Feb. 3, 2005 • Volume 13 Number 10

Prof. June Andrews Horowitz (CSON)

CSON Researcher Takes CARE

Horowitz hopes 'coaching' can aid mothers with postpartum depression

By Kathleen Sullivan
Staff Writer

The birth of a baby is a happy occasion, but for new mothers who suffer from postpartum depression it also can be a disconcerting time - and the effects can last a long while for both mother and child, says Prof. June Andrews Horowitz (CSON).

The infant whose depressed mother is unable to appropriately respond to her baby can run the risk of impaired health, behavioral and psychobiological development, and later social behavior and cognitive development, said Horowitz, while "a depressed mother can suffer from guilt after she gets healthy and realizes that important developmental time with her baby is forever lost."

Approximately 10-15 percent of new mothers are afflicted with postpartum depression, says Horowitz. There are no clear-cut or simple precursors for depression, and because multiple factors increase the risk of depression it is almost impossible to predict whether or not a woman will become depressed after giving birth, she said.

"Because postpartum depression is a common complication of childbirth and has the potential to place the well-being of many mothers and infants at risk," said Horowitz, "development of effective and economic early intervention strategies is a critical step in reducing its negative consequences."

Horowitz will test the efficacy of one such intervention approach through her work on the Communicating and Relating Effectively (CARE) Project, a four-year $1.39 million National Institutes of Health-funded study which seeks to show that coaching depressed mothers on ways to interact with and respond to their babies can alleviate negative effects of postpartum depression on infants' development.

Typically, Horowitz said, depressed mothers respond to babies' cues in one of two ways, neither of which is sensitive or positive for the babies. "One approach is to be over-anxious, giving too much stimuli. These moms need to learn to tone it down to be in sync with their babies' needs. At the other end of the spectrum are moms who are withdrawn and don't offer enough stimulation. They're unable to pick up on babies' cues or can't do so in a timely way."

Mothers in the study's treatment group will receive coaching from nurses during home visits to assist them in reading infants' signals and responding appropriately. The coaching will involve teaching the mothers how to purposely and sensitively use touch, positioning, eye contact, vocalization, play, soothing actions and mirroring. The nurses will teach the mothers how infants signal both readiness for engagement as well as the need for a break in interaction. They also will identify problematic maternal behaviors while encouraging mothers to try out suggested sensitive responses to baby cues and supporting mothers' positive behaviors.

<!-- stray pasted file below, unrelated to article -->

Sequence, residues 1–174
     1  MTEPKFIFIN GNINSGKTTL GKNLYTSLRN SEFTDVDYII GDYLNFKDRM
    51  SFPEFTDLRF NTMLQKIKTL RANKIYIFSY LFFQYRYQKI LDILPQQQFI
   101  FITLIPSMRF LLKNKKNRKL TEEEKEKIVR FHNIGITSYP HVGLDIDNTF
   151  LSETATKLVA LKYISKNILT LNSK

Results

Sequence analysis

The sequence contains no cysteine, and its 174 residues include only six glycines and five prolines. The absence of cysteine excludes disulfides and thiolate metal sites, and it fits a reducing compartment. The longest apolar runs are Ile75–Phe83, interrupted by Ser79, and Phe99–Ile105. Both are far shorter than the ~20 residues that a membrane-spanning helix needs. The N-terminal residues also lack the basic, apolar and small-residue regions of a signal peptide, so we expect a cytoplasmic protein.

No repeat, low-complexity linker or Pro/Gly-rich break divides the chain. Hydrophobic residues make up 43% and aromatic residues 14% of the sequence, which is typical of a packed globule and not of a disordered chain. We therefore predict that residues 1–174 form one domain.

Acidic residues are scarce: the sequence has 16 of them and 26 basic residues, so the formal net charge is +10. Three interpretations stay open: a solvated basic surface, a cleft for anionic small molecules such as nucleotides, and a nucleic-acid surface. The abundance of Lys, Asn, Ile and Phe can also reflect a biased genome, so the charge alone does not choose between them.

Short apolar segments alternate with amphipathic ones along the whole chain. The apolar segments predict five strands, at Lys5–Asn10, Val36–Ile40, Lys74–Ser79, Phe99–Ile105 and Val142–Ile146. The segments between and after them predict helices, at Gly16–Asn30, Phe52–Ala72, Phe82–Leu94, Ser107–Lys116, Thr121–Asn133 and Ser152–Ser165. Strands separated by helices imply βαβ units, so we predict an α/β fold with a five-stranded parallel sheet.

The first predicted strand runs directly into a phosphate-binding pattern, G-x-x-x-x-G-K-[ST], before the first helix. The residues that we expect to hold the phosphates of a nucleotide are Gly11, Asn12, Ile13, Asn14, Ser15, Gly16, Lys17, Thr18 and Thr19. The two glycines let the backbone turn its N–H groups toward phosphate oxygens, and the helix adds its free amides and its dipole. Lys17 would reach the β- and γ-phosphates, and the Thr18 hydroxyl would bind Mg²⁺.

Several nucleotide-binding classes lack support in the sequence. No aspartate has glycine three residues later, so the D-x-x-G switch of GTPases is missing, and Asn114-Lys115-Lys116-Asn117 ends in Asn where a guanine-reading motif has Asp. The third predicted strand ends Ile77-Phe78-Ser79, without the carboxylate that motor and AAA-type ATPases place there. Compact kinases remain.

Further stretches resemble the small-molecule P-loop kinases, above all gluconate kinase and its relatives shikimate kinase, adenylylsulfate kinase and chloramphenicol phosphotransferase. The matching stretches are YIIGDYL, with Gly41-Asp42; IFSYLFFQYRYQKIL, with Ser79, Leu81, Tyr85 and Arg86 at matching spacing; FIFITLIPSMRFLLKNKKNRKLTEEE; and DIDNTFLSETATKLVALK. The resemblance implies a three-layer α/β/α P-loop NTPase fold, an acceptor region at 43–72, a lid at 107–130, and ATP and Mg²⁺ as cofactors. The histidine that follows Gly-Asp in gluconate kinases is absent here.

The CARE Project is based on Horowitz's earlier findings on postpartum depression done under the auspices of the March of Dimes Birth Defects Foundation and is being conducted in conjunction with Brigham and Women's Hospital, where Horowitz holds a post as senior scientist in the Center for Excellence in Nursing Practice. As principal investigator, Horowitz is collaborating with Brigham's Nurse Manager Bernadette Quigley-Lavoie and Center for Excellence in Nursing Practice Executive Director Ann Hurley. CSON Dean and Prof. Barbara Hazard Munro and Assoc. Prof. Joyce Pulcini are co-investigators.

The project is underway with CARE Project staff nurses from Brigham and Women's recruiting mothers of full-term, healthy babies during their postpartum hospitalization who are willing to be contacted by research nurses four weeks after the birth. At four weeks postpartum, according to researchers, mild "baby blues" have faded so that the presence of any depression symptoms suggests postpartum depression. The study needs to have a pool of about 1,500 mothers for screening because a majority of them will not fit the profile for postpartum depression and be screened out. The desired number of women for the clinical trial is 120 or more.

The mothers who meet inclusion requirements and their babies will be enrolled in the study until the babies are nine months old. A baby's development is especially vulnerable to negative effects of postpartum depression during his or her first months, according to Horowitz.

"Babies' brains develop during this critical time and they learn to socialize and empathize. You can't get that time back. That's why this is so important," added Horowitz.

Study participants will receive home visits from the research nurses and will be videotaped to track their relationships with their babies. Horowitz hopes the mothers in the treatment group will show lower parenting stress and higher levels of responsiveness and connection to their infants than the control group. If the CARE Project is shown to be effective, Horowitz says, the intervention could be developed for wider use in pediatric practices, primary health care centers clinics and daycare centers.

The CARE Project entails a lot of research opportunities for CSON students, she adds. "We have two undergrads and four master's students working as research assistants and a doctoral candidate, Kate Gregory, working as a project director. Two of our doctoral fellows, who are qualified advanced practice psychiatric-mental health nurses, are conducting home visits to perform diagnostic interviews with women who have a positive depression screening score to validate that each women with a positive screen actually is experiencing depression."

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